Thursday, March 3, 2011

in which I run away to find myself

Ever had the urge to run away? Leave it all behind, visit a new place, meet new people.

Destroy evil empires.
Save a princess.
Kidnap a prince.

Of course. We all have. That's why we read.

But have you ever considered running away in your OWN writing? Getting lost amid the story that chose you? Hmmm, says I. This sounds like a challenge. A frightening one.

Frightening? Why? It's just a story, right? An all consuming, never ending, nagging story that wakes you in the middle of the night, tortures you at work, chants incessantly "write me, tell me, write me, tell me" until you want to claw the words out of your veins and let them trail in whatever pattern seems fit.

I'm not advocating self mutilation.

Just sacrifice.

It's a brave thing to trust your story so much that you lose yourself to it. Lock the doors, batten down the hatches, weld the pen and go forth to conquer unknown lands. It's a courage we all need, a fear we must all face.

So go ahead. Pack your suitcase and run away. Stare that story down until it consumes you and you have no choice but to tell it. Let it all out. Get lost and in the process, find the essence of your story, your characters.



  1. Love this! I've gotta lock the doors and turn off the phones today... gotta do it!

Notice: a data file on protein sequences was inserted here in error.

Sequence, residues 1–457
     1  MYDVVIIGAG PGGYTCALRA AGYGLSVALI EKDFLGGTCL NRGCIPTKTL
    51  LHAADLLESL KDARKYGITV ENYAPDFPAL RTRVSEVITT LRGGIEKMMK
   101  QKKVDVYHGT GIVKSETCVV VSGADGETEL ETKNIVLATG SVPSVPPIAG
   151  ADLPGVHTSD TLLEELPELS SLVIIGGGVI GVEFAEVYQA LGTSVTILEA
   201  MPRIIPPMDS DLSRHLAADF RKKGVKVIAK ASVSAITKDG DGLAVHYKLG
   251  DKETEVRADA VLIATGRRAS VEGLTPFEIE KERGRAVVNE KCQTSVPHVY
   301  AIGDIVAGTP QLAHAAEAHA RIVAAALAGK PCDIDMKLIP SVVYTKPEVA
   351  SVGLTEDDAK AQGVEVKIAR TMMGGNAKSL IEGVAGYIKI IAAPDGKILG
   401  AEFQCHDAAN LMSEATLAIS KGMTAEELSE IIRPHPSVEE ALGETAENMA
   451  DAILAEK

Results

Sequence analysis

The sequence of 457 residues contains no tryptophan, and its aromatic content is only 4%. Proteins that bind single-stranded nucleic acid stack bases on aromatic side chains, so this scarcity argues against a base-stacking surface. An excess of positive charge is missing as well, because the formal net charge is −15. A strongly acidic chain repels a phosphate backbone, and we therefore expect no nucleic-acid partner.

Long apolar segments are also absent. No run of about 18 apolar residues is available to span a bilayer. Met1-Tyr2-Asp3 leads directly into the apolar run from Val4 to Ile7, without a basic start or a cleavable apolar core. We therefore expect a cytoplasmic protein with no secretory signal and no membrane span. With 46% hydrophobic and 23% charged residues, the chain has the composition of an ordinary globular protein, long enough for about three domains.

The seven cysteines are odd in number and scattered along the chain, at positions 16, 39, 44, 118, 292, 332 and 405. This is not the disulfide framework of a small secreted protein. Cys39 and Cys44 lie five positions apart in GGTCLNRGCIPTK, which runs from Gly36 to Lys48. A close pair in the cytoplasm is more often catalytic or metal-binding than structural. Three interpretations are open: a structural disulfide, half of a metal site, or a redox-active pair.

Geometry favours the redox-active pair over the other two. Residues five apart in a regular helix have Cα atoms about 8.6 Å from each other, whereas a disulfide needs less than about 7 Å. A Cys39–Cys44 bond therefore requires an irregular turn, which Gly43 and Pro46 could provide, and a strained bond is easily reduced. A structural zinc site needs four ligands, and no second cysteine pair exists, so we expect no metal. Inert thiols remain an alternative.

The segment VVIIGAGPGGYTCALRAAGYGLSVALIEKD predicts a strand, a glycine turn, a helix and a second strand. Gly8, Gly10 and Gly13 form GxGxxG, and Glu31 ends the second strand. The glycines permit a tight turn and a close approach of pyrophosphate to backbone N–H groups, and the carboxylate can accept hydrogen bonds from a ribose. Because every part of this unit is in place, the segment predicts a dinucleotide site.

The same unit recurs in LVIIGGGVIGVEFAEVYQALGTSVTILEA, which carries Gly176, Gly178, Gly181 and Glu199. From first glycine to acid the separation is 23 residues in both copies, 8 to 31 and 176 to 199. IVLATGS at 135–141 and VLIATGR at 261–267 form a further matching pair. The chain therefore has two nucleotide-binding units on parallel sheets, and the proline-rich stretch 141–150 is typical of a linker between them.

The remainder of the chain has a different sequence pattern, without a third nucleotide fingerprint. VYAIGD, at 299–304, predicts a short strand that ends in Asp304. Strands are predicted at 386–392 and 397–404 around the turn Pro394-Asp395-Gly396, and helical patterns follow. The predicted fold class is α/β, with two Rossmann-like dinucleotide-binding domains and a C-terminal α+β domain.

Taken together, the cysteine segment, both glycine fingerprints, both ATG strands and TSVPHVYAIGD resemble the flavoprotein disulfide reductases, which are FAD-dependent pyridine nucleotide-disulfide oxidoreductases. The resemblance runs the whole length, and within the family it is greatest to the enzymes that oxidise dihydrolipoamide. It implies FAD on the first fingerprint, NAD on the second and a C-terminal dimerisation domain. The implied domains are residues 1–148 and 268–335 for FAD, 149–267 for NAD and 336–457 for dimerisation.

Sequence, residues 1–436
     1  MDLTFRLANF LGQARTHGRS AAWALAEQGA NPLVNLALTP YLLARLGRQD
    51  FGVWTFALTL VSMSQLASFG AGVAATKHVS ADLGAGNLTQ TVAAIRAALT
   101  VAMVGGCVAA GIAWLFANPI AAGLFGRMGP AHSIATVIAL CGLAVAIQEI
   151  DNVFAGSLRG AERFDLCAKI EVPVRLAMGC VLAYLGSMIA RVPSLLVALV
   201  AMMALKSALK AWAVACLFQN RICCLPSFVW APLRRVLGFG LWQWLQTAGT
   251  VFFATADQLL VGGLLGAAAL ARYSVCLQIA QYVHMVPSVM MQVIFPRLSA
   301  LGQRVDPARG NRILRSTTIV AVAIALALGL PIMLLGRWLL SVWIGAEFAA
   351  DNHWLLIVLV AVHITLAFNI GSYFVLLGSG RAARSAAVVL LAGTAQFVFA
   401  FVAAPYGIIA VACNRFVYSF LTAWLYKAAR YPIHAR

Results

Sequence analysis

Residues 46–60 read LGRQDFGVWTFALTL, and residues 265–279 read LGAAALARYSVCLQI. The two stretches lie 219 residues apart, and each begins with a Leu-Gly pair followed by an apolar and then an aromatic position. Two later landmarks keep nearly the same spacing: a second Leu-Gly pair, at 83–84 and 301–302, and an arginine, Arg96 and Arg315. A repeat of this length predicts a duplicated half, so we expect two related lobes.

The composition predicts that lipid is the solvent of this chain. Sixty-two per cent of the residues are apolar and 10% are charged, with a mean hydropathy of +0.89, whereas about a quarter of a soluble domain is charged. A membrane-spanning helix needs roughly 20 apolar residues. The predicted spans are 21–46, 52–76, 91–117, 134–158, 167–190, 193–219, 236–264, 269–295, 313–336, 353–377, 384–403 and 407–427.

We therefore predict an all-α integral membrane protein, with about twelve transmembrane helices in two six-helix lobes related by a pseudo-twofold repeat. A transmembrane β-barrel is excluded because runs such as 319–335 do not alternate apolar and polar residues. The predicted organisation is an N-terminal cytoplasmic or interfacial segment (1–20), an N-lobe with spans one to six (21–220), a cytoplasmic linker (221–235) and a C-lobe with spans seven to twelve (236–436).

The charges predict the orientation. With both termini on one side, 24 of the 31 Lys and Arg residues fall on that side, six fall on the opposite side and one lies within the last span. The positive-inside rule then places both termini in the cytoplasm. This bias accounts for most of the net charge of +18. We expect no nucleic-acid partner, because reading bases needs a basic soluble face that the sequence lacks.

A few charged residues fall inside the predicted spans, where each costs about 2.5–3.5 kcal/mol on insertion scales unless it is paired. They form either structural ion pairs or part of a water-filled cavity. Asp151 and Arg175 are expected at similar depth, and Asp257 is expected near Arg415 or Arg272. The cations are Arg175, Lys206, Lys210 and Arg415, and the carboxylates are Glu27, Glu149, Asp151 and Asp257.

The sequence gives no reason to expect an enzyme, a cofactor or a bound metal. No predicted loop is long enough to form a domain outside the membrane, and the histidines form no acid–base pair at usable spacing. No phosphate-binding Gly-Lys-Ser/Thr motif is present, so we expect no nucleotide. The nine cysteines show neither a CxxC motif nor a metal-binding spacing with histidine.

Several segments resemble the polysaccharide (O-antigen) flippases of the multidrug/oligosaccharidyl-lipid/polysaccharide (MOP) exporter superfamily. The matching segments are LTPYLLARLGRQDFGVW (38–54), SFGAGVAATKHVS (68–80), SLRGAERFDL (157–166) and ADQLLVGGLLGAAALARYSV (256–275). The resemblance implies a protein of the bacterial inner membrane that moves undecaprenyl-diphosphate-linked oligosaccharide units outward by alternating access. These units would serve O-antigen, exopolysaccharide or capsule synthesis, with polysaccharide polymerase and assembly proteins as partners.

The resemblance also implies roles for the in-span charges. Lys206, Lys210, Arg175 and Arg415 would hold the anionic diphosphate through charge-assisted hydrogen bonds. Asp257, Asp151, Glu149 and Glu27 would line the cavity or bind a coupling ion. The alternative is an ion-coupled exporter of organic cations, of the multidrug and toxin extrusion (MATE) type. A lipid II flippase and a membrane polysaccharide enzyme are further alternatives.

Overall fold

2. Great post! Personally, I think this is the ONLY way to write ;o)

  3. I'm going to have to follow this advice!

  4. Okay. I can do this. I can. Really.

    Now, where's my suitcase? :-)

  5. Losing yourself in the writing is the only way to go. I love that groggy feeling when you realize you've been lost in another world for ... how long?!

  6. Perfect! Thanks for reminding me!

  7. The prospect of escaping into my own writing isn't frightening so much as it is difficult. Self-indulgence and writing yourself into a story are two hallmarks of bad fiction. If you're only writing for your own entertainment then it's fine, but construing the passions into good fiction, which I think you're advocating near the end, is important.

  8. I love losing myself in my story as I write the first draft, but I haven't mastered doing it as I revise. That's my goal for next week. Thanks, Jen!


Well, hello! I'm so glad you made it. Come inside and sit by the hearth. I'll take your coat and hat. The kettle is singing and there's cake and candles and good conversation. Settle in and make yourself at home. Don't mind the wolfhounds; they're friendly if you give them a bit of lemon curd.